But there are other ways we could go. We could go all-electric with the advantages of instant fueling by using standardized, exchangable battery packs. Maybe you'd pull up in a bay that looks like a cross between an automatic car wash and a oil change place. The near-empty battery pack is pulled out and replaced with a full battery pack and you're on your way in minutes.
Randall, I believe A123systems is getting around 5,000 cycles before the battery loses 20% of capacity (that's a fairly standard definition of cycle life). They promise 2,000 cycles for power tools, a very harsh application. Tesla says that they are paying $400/KWH for good quality conventional Li-ion. I've seen no reason why A123systems can't get close to that price in the next few years, which would get you $.08 per per kwh-discharge, and about 2 cents per mile in a Mid-size sedan (plus electricity costs of 1-4 cents/miles).
Please note that lead-acid is available for $65/KWH, and 400 cycle life, which gives $.16 per kwh-discharge, and about 4 cents per mile in a Mid-size sedan. So, we could do a PHEV with lead-acid right now that would be cost-competitive with an ICE vehicle, it would just require battery replacement every year or two, which would be slightly inconvenient.
Firefly says that their lead-acid will cost $100-150 per KWH. Their main selling point is extended life (in addition to much lower weight, and higher power). I haven't seen a cycle life yet, but I would hope for 2,000 cycles. That would get you $.075 per per kwh-discharge, and about 2 cents per mile in a Mid-size sedan.
Electric transport is here. Heck, it's been here for 100 years, just not competitively convenient. Now, it's all over but the engineering to accomodate the specific characteristics of the newest batteries to be used.
In all the posts here (as well as in many posts elsewhere), there is no mention of how long it takes to recharge a depleted battery. I suspect that it will take about as long to recharge as to discharge, which may be a matter of hours, which is another reason to enjoy fossil fuels while we still have them.
The US auto market currently puts 16 million new cars on the road every year. So a shift to electric could be made gradually by making all-electric cars in large quantities in place of the existing car mix.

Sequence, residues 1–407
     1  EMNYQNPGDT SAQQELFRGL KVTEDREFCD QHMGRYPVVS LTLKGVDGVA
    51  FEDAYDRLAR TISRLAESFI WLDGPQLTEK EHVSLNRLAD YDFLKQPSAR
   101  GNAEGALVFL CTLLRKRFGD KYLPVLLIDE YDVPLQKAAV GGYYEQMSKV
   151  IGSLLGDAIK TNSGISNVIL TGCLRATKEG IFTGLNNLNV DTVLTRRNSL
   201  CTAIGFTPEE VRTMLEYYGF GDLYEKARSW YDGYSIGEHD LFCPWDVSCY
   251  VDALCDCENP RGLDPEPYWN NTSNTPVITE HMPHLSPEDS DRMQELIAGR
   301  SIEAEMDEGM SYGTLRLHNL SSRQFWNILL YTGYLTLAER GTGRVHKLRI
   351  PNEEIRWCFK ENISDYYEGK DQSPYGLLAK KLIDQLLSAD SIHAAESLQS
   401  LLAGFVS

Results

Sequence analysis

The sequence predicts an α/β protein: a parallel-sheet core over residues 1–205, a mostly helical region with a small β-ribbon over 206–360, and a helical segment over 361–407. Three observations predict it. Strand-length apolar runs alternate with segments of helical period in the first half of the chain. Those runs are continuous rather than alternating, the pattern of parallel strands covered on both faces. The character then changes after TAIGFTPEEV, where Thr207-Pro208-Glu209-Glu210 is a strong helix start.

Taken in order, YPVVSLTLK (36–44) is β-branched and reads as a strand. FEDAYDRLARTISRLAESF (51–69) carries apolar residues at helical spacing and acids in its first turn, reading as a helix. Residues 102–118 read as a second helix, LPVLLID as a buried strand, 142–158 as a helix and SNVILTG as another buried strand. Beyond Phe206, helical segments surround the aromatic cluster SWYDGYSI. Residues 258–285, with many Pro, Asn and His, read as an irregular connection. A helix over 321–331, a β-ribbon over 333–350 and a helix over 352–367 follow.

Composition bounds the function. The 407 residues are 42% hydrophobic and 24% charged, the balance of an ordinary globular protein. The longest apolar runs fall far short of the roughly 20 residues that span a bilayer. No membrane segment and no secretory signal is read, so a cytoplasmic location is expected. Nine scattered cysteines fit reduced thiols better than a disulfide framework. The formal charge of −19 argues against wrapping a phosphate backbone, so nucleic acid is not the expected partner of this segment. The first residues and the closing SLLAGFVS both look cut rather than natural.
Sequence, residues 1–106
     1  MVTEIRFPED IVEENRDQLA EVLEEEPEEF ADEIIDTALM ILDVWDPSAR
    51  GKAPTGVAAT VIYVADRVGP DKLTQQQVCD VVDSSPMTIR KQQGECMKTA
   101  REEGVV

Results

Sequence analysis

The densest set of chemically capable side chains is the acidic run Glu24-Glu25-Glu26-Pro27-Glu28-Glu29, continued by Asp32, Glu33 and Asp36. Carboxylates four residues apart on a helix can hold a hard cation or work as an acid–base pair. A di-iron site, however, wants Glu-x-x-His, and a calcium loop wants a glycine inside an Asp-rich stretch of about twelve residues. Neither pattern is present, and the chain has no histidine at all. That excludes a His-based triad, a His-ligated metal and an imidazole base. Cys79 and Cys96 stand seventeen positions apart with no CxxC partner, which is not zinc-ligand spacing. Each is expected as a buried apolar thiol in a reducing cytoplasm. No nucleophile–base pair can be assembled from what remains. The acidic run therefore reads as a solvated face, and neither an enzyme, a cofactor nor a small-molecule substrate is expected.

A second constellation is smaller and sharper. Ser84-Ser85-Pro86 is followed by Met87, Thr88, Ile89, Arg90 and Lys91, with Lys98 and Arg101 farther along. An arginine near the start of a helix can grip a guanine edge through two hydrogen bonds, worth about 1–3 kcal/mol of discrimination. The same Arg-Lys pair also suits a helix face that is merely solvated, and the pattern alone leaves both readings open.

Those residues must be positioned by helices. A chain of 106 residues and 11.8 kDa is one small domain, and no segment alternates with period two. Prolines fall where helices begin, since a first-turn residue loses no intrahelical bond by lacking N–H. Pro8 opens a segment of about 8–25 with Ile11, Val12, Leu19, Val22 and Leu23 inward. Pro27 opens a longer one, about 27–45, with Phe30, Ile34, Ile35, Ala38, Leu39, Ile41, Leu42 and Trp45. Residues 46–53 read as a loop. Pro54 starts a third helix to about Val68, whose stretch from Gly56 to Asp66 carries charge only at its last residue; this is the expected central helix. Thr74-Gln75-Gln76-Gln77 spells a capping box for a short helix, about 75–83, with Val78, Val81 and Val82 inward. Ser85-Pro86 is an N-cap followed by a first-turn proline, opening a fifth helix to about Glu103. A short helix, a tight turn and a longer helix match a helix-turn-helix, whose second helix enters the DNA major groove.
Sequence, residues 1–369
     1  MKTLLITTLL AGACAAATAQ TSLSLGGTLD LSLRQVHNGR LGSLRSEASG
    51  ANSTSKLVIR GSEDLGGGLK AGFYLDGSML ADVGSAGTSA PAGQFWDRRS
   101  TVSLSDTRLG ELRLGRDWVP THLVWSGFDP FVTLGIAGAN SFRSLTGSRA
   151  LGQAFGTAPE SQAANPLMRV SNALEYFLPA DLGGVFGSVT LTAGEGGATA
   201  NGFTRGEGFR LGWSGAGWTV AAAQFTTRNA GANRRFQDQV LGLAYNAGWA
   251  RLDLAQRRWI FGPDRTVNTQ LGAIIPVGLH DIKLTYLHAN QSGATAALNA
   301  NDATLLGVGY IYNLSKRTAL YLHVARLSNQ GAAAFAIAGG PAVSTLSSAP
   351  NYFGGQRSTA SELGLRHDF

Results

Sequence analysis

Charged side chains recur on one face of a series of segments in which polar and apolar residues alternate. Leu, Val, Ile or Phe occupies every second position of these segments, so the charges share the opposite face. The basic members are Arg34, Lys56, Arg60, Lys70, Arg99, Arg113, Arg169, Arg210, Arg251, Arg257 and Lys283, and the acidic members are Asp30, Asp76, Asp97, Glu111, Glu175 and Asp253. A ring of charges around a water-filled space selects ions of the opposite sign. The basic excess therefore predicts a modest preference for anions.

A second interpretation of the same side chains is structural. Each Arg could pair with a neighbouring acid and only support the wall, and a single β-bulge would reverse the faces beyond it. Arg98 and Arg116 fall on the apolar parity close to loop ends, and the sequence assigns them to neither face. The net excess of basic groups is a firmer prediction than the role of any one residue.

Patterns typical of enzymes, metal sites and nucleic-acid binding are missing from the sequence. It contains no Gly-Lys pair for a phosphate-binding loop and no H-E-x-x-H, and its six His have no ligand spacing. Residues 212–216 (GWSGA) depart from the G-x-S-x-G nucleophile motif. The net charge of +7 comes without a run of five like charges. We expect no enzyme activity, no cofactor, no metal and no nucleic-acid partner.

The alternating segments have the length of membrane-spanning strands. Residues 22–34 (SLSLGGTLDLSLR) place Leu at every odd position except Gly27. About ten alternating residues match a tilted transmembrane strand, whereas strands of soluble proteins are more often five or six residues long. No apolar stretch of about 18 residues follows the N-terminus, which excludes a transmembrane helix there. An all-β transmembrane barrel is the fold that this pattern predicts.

Also, if battery costs drop drastically expect to see conversions. Got a Cadillac with 100,000 miles on it? Convert it to electric.
Stephen Gordon and Allan Lotreck,
Liquid fuels are very convenient for longer trips where you want to fill up quickly and have a large travel range between stops. That's why we need to shift to electric for the daily drives to work and stores. Save the liquid fuel for the purposes where a switch to electric is at least harder to do at this point.
Where we most need liquid fuels: Airplanes. Air travel is going to become more expensive vis a vis travel and car travel due to the decline in oil extraction and depletion of oil reserves. I do not know how much the relative cost of air travel will change versus ground travel. But the change will be substantial as higher prices for liquid fuels makes air travel more expensive even as better batteries drastically lower the cost per mile travelled.
Thanks for those numbers.
5000 cycles is great. At that point the batteries still have considerable residual value to collect photovoltaic electricity during the day or nuclear at night to use when electric rates are higher.
The $400/kwh sounds very high. For a big SUV that goes 2 miles per kwh that's $200 per mile of range. For a big SUV with 400 miles of range that's $80,000 just for the batteries. For a compact car it is still half that amount.
Randall, yes, I think plug-in's with about 40 miles of range will be a sweetspot for several years. That can give a 90% reduction in fuel use, so that's really good enough, at least for a while. As battery prices decline & gas prices rise that sweetspot will rise.
Eventually li-ion's like the A123systems will become much cheaper than that, but I think it will be a while before pure EV's are practical, general use vehicles. That will depend to some extent on infrastructure for public charging. I think the A123systems, Altair & Firefly batteries all have much faster recharge times than conventional chemistries, but there will be tradeoffs for a while.
At $400 per kwh then a compact car at .25 kwh per mile would need $4000 of batteries for 40 miles range. A big SUV with 40 miles range would need $8000 of batteries.
Keep in mind that for a person driving 33 miles per day they'd have to plug it in every single night. Some will do it. Most will find that impractical. We've discussed this before. We need automated systems for hooking up to recharge. But that doesn't work so well unless you either own your own home or work somewhere that accommodates that need. Well, the capital equipment for the automated chargers ends up being one set of equipment per car. Seems expensive.